Today I Learned (TIL) with BigQuery blog site highlights the NOAA Big Data Project (BDP) at work.
Device enables limited crew to rescue unresponsive victims
Recovering an unresponsive person in the water and bringing them aboard a vessel has been a longstanding problem in marine safety and training. Until now. A new invention from the Northeast Fisheries Science Center's Milford Laboratory looks like a practical and effective tool for saving lives at sea.
Novel design and minimal cost propel interest in global deployment at reefs.
Warm ocean water can be a killer for coral reefs, and AOML recently developed a new inexpensive sensor to drastically improve our ability to measure and monitor changing temperatures on reefs at an unprecedented scale. The low cost sea temperature sensor, known as InSituSea, costs roughly $10 in parts to produce while providing high accuracy (0.05-0.1 C) in measurement. With a production cost that is 10% of an off-the-shelf temperature sensor, colleagues have expressed strong interest in deploying the InSituSea sea temperature sensor at coral reefs around the world.
Designs for Two New Deepwater Traps Released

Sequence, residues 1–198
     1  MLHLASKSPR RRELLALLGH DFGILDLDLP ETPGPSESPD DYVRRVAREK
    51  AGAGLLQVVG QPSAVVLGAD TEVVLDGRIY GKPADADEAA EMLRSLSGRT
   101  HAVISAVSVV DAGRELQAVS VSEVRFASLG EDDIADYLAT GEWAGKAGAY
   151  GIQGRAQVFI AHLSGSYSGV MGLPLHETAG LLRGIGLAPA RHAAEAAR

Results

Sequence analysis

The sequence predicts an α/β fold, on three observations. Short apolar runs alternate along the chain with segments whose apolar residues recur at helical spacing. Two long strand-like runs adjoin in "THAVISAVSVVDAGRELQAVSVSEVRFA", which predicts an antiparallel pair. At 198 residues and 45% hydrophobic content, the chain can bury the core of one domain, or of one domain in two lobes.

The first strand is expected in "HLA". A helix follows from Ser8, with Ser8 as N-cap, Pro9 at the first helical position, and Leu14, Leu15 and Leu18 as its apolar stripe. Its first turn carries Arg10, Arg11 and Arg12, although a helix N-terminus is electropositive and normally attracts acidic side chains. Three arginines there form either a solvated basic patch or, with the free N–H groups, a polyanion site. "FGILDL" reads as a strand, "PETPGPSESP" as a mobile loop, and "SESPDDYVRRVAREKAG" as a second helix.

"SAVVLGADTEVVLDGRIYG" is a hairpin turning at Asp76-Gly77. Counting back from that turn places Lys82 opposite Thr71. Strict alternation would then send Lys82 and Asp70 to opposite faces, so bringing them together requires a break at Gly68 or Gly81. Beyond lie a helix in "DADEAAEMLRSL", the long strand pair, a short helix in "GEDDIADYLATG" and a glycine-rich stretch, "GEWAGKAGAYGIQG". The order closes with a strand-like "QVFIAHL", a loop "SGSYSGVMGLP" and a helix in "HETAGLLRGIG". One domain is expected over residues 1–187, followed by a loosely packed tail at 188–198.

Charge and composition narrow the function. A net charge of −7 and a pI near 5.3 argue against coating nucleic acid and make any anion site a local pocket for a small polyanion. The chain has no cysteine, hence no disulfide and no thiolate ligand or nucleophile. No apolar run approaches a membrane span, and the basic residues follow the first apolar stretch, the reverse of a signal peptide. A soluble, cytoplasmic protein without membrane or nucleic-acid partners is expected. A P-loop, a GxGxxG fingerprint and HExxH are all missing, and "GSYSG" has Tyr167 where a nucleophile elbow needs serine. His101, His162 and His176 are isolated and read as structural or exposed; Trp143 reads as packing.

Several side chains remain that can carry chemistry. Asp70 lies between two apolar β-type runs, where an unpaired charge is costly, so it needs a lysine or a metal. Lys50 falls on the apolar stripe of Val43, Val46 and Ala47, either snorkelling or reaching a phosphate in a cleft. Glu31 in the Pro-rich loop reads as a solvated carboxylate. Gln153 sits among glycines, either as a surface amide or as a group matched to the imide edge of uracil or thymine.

NOAA scientists have developed two new trap designs that can target invasive lionfish in deep water and reduce negative effects on native species that are ecologically, recreationally, or commercially important.
UT has signed a memorandum of agreement with the Atmospheric Turbulence and Diffusion Division of the National Oceanic and Atmospheric Administration’s Air Resources Laboratory to advance collaborative research in atmospheric sciences.
Last summer, working with scientists and engineers from the National Oceanic and Atmospheric Administration, the boats skimmed along the edge of the retreating Arctic ice cap, giving scientists a detailed account of temperature, salinity and ecosystem information that would have been difficult and expensive to obtain in person.
Break out your cameras because it's time to show your lab's technologies hard at work! The FLC invites you to submit images of your lab's work for its 2017 FLC Planner.